• $\begingroup$ This is a test dataset, the idea was to identify correct method, learn how to analyze my data before going into the field but I learned that small sample size can be problematic and cause issues, e.g. large coefficient etc. I am trying to learn and perfect the procedure ideally.. My sample size is 385 households so I am looking at having a large number of respondents. $\endgroup$ Commented Apr 1 at 10:07
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    $\begingroup$ This platform is very useful for specific questions and problems, but it can't substitute for a whole course or book. However, if you do get one of the books I recommended (or another one) and have questions, then this is a good site to get answers. $\endgroup$
    – Peter Flom
    Commented Apr 1 at 10:17
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    $\begingroup$ You've linked to PDF copies of those two books which might be < 100% legal. Please don't do that. You can find the Regression Modeling Strategies (RMS) online notes here. Chapters 10, 11 & 12 are on logistic regression. $\endgroup$
    – dipetkov
    Commented Apr 1 at 11:17

1 Answer 1

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As other questions have noted, there are a number of issues here. First of all, one of your coefficients for education seems to have infinitely large confidence intervals, which suggests something is very wrong (maybe perfect correlation with the dependent variable?). If your N is only 385 then I do think you have an issue on sample size, especially with this many variables in your model.

But I also think your confusion partly stems from thinking that odds ratios are "easy to interpret when the audience is from a non statistical background." This is a common misconception, even from people who do have a statistical background.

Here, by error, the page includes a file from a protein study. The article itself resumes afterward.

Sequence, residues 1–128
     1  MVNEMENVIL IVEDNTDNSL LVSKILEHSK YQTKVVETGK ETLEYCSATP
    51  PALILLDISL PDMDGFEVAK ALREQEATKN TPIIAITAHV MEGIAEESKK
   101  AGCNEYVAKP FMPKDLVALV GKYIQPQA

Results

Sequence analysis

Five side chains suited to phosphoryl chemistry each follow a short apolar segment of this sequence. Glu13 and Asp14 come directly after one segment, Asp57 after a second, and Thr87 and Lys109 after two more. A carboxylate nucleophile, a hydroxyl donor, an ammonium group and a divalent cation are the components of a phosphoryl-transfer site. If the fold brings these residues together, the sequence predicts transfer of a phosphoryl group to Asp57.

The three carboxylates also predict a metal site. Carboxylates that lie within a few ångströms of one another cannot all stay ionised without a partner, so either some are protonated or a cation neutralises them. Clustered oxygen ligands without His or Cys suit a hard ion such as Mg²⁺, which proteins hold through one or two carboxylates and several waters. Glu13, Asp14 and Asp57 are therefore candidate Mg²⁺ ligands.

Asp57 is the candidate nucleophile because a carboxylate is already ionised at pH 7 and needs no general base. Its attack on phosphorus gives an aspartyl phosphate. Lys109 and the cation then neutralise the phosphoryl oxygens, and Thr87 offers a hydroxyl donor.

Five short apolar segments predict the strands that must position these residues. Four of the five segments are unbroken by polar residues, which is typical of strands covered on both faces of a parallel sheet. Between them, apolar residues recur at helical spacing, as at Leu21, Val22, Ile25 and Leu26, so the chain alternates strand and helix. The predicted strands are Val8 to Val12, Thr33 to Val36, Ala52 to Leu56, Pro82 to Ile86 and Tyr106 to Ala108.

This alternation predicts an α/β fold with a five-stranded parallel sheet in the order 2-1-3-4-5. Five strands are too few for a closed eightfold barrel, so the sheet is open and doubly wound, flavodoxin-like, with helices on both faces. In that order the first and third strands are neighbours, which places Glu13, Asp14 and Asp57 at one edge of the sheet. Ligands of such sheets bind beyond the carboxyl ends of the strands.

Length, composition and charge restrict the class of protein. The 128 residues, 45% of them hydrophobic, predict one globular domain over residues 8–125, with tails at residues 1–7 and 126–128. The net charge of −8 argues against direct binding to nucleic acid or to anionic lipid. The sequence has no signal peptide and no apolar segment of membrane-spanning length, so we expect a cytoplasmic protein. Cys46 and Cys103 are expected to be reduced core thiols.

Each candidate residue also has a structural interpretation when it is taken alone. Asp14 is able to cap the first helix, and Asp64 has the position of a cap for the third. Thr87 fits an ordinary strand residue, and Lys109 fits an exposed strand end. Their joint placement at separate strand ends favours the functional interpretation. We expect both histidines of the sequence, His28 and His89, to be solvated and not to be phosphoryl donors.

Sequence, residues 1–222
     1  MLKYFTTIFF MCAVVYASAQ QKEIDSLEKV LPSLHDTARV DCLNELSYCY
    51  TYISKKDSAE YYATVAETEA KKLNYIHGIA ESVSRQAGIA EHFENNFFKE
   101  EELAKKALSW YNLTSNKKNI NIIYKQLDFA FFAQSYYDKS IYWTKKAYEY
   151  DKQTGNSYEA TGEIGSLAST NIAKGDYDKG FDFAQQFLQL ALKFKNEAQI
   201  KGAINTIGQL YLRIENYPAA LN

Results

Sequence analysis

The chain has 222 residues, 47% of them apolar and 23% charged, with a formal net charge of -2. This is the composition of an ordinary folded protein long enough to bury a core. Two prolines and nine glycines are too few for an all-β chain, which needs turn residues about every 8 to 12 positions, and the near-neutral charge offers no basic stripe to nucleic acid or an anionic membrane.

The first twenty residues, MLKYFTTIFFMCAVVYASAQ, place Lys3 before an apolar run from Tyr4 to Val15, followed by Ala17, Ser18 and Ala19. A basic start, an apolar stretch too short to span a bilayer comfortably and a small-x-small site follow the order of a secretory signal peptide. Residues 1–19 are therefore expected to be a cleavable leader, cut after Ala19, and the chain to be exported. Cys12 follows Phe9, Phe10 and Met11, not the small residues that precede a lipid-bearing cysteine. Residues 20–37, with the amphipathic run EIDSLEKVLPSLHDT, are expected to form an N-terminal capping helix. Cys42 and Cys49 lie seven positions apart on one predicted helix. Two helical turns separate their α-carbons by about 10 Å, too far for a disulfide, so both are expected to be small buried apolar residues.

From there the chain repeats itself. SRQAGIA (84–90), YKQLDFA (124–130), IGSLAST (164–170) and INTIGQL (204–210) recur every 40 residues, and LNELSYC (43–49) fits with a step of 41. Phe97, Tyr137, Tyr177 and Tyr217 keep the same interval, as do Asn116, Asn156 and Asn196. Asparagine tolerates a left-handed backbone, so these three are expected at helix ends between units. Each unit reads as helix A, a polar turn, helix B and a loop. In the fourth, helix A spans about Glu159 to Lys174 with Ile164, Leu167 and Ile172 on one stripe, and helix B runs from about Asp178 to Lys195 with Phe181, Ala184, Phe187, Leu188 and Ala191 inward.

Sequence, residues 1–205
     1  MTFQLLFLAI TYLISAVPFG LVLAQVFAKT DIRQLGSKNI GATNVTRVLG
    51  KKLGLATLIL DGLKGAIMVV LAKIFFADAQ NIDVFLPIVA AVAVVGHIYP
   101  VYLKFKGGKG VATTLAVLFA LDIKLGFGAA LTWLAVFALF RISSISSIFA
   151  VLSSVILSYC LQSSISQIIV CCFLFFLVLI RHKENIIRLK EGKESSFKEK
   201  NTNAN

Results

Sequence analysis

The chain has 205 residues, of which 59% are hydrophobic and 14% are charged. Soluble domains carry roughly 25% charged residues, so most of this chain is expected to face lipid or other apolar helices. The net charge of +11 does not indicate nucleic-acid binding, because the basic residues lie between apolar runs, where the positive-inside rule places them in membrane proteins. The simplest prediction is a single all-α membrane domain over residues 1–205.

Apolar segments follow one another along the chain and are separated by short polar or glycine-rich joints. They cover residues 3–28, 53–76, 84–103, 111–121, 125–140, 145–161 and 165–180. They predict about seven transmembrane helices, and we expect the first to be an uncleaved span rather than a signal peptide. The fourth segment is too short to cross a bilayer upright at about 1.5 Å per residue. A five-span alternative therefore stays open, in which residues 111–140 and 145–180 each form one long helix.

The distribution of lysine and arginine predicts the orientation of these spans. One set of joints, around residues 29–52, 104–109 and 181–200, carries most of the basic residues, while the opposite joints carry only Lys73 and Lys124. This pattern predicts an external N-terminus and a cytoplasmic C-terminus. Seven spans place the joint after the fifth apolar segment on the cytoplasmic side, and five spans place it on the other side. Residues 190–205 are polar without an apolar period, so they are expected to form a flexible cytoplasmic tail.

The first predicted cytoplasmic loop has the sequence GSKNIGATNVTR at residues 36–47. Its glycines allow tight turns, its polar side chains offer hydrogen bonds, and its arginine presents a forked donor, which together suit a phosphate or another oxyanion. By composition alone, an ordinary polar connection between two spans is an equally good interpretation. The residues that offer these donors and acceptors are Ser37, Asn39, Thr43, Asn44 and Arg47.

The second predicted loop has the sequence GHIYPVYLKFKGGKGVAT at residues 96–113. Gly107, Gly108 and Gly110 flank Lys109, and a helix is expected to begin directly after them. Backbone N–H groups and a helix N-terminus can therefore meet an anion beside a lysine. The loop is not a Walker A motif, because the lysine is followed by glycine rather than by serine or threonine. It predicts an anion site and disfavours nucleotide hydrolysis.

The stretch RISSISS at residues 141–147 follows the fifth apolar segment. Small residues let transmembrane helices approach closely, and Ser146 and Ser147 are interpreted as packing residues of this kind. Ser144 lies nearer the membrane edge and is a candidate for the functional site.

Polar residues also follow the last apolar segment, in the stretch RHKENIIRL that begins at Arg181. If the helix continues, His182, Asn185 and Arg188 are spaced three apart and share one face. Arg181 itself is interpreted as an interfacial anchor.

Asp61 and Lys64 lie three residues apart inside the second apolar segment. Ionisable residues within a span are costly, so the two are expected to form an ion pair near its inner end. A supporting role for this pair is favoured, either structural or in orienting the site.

In statistics, an "odds" has a very technical meaning: it is the probability of a thing happening divided by the probability of a thing not happening. So if something has a 70% chance of happening (vs 30% not) it has an odds of 2.3. In a logit model, an odds ratio tells you how the odds, not the probability of the event changes. So this sentence is wrong:

"Gender: The likelihood of Male respondents making Juice is 8.980799 times compared to females."

People misinterpret odds ratios this way all the time, even in published peer reviewed papers. But it is wrong.

The true interpretation of this odds ratio is:

"The odds of Male respondents making Juice are 898% as high as the odds for females, holding all other variables in the model constant."

Note that this doesn't tell us anything about how the probability or likelihood of making juice differs, which is what most people want to know. Unfortunately, the model can't tell you that unless you give it some more information about the baseline likelihood of making juice for different types of people. There are ways of doing that (google "average marginal effects" for example) but they require additional work.

This is why logistic regression is such a complex tool, and one that is easily misunderstood, and difficult to use well. I would be very careful about trying to use it "in the real world" without a strong background in what it is trying to do.

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  • $\begingroup$ My takeaway is familiarizing myself with the fundamentals especially given that my sample size can be key issue here . Thank you for your patience and generosity. The misconception came from the advise I got earlier through this question , or i misinterpreted the answer. stats.stackexchange.com/questions/642964/… I would like to learn and be guided on the right path. I am busy studying your answer and the comments recieved. $\endgroup$ Commented Apr 1 at 11:34
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    $\begingroup$ Yes! But the infinite confidence levels indicate something, maybe separation ... (search this site). But, they probably comes from Wald intervals, do something better, like likelihood profiling $\endgroup$ Commented Apr 1 at 12:42